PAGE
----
O'Driscoll hits out at try decision
Ireland captain Brian O'Driscoll labelled the decision to allow Mike Phillips' controversial try to stand as "unforgivable" following his side's 19-13 defeat at the Millennium Stadium.
The crucial moment of a hard-fought RBS 6 Nations encounter came with Ireland leading 13-9 in the 50th minute when Wales hooker Matthew Rees took a quick lineout and the scrum-half raced away to score in the corner. But TV replays showed that Rees had taken the lineout with a different ball to that kicked out of play, something which is not allowed under IRB regulation 19.2.
O'Driscoll, who had claimed the first score of the game to level Ian Smith's championship record of 24 tries, said: "I didn't see it myself but when half your team saying it you take their word for it. I tried to relate that to (referee) Jonathan Kaplan and the touch judge and they were having none of it and it's really frustrating for such an incident to have a huge bearing on the game."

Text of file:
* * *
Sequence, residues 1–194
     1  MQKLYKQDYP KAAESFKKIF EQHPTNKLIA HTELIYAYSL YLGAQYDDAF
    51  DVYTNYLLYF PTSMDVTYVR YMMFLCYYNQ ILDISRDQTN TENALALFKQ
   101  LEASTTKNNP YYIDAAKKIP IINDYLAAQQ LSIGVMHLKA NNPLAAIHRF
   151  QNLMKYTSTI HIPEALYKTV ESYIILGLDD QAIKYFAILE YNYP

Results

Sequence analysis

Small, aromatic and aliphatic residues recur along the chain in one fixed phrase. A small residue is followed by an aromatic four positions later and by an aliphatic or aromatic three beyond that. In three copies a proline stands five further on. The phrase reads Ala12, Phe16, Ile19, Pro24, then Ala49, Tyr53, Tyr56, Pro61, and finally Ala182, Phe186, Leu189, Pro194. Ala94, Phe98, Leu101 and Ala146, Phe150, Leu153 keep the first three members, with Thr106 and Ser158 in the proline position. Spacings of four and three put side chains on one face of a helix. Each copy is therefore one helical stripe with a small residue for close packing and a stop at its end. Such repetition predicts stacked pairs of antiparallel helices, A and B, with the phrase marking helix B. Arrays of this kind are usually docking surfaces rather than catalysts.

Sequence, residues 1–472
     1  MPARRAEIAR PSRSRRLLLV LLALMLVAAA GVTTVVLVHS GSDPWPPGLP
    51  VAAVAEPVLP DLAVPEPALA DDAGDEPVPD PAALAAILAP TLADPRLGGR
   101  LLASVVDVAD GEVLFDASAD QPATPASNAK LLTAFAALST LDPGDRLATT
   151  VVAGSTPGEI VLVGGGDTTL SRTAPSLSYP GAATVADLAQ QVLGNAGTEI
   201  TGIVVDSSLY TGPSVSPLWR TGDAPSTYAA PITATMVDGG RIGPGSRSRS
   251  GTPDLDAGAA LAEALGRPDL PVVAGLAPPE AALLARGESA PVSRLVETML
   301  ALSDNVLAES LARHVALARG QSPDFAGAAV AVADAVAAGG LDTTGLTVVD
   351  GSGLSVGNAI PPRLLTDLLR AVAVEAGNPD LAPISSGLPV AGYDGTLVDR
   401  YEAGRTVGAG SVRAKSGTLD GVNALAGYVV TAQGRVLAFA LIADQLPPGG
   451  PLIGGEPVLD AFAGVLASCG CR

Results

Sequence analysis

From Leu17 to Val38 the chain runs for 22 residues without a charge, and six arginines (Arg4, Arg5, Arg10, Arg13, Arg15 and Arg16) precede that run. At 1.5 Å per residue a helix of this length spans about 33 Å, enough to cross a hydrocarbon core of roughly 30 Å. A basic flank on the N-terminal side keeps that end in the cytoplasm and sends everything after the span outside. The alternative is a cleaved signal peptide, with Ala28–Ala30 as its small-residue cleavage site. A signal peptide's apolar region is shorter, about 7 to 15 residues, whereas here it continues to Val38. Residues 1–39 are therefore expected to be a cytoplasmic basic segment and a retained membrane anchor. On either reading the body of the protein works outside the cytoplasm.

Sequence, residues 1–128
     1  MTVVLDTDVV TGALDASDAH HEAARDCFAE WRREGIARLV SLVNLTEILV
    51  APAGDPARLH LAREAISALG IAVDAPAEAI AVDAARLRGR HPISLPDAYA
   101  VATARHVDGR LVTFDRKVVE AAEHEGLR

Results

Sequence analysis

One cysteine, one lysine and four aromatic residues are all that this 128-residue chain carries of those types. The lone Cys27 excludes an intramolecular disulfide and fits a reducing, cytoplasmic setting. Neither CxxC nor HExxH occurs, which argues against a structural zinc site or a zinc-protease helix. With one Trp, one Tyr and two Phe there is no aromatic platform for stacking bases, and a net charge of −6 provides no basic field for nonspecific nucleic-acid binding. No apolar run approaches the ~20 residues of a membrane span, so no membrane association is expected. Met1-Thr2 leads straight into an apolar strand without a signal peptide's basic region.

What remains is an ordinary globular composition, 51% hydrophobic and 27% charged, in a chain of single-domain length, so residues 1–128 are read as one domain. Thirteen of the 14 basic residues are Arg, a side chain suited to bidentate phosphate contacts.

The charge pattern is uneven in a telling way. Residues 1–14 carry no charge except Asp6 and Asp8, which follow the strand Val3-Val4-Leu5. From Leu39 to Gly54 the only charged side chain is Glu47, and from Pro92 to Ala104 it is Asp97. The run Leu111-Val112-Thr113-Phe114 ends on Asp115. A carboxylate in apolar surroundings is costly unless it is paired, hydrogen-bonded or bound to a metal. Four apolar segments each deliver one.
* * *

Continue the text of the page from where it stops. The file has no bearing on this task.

Kaplan asked his assistant, Peter Allan of Scotland, whether the ball used was the same as that which left the field and, when he answered in the affirmative, the try was awarded.
Kaplan was not able to call on the video referee to adjudicate as the TMO is only to be used for decisions on the act of scoring.
The try proved to be the difference on the scoreboard between the sides and ended Ireland's hopes of a fifth Triple Crown in eight seasons.
O'Driscoll added: "I actually didn't (ask Kaplan to use the video official). When I went over to him he was pushing everyone away and I told him I was captain and he said that was fine but he wanted to talk to his touch judge.
"So I stood there and before anything else could be said he awarded the try.
"I did mention it to him a few minutes later after I had seen it on the TV and I told him that it was a massive momentum swinger and that it had had a huge bearing on the game, but he just shrugged that off."
When asked if he would be embarrassed if he had made an error in the manner of that made by the officials, he added: "If I was wrong I would personally be embarrassed, especially if you have the services there to cover all bases. Games hang in the balance on decisions, everyone is human and wrong calls are made sometimes, but some are unforgivable."